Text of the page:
Excerpts from Firing Blind, Intercept, the Drone Papers, Oct. 2015

CIA Drone Strikes from Germany

The case of three Yemenis whose relatives were killed in the attack in August 2012, will be heard on Wednesday by a court in Cologne, Germany. Lawyers for the victims say the German government shares responsibility for the death of civilians because the US military base of Ramstein, which allegedly played a key role in the attack, is on German soil. The government rejects the claim.

Faisal bin Ali Jaber, who lost his brother-in-law Salim, a preacher, and his nephew Waleed, a police officer, in the strike on the village of Khashamir on 29 August, 2012,…Bin Ali Jaber, whose extended family had travelled back to the eastern Yemeni village to celebrate a wedding, had been having supper when he felt the impact of five rockets hitting the ground. Speaking in Arabic through a translator, he recalled leaving his house with his wife. “We found scattered body parts and people picking them up. We picked them up as well. It (soon) became apparent that Salim and Walid were among the victims. The incident was a tragedy in every way, for all the residents of Khashamir and the surrounding villages.”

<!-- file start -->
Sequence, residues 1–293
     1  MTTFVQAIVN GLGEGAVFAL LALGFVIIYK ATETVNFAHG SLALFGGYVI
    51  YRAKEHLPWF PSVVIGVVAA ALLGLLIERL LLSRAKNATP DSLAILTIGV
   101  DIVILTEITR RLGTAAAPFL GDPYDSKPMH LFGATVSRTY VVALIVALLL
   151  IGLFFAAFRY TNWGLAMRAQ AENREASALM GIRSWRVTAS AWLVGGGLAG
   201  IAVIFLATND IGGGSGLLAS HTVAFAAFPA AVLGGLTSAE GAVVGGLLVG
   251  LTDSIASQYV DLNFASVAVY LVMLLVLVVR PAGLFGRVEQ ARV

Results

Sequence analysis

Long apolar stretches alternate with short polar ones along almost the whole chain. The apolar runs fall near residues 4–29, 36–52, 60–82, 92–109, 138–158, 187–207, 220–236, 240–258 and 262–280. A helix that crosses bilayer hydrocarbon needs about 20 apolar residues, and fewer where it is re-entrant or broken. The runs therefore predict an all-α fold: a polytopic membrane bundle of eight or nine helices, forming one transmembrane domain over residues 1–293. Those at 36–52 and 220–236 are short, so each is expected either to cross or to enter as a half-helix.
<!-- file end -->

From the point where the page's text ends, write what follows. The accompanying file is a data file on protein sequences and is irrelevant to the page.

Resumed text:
Ramstein, in the German state of Rheinland Pfalz, is used by the US military on condition nothing is done there that violates German law. The German government has been repeatedly accused of failing to confront Washington over Ramstein’s alleged role in the drone war.The case rests on the claim that Ramstein is central to the drone strikes because it relays crucial information via satellite that enables drone operators in Nevada to communicate with the aircraft in Yemen, Pakistan, Afghanistan and elsewhere.  The geographical location of Ramstein is said to be vital to the transmission of the information, because, due to the curvature of the earth, a relay station is needed between the US and the Middle East.

Der Spiegel and the Intercept website reported in April 2015  that Ramstein is critical to the US drone strikes, quoting experts, but the US government has so far failed to confirm or deny the claim.  The potential loss of Ramstein as a strategically located relay station would present the US with the tough challenge of finding an alternative country willing to offer it a hub, amid global controversy and growing unease over drone strikes.

Excerpts from Kate Connolly ,German court to hear case brought by relatives of Yemen drone attack victims, Guardian, May 22, 2015

The CIA Drone War: 2014 Deaths Update

US drone strikes kill 28 unknown people for every intended target, new Reprieve report reveals. US drone strikes in Yemen and Pakistan have killed as many as 1,147 unknown people in failed attempts to kill 41 named individuals, a report by human rights charity Reprieve has found.The report looks at deaths resulting from US drone strikes in Yemen and Pakistan between November 2002 and November 2014. It identifies 41 men who appeared to have been killed multiple times – drawing into question the Obama administration’s repeated claims that the covert drone programme is ‘precise.’

While the US drone programme is shrouded in secrecy, security sources regularly brief the media on the names of those suspected militants targeted or killed in the strikes. Frequently, those individuals are reported to have been targeted or killed on multiple occasions.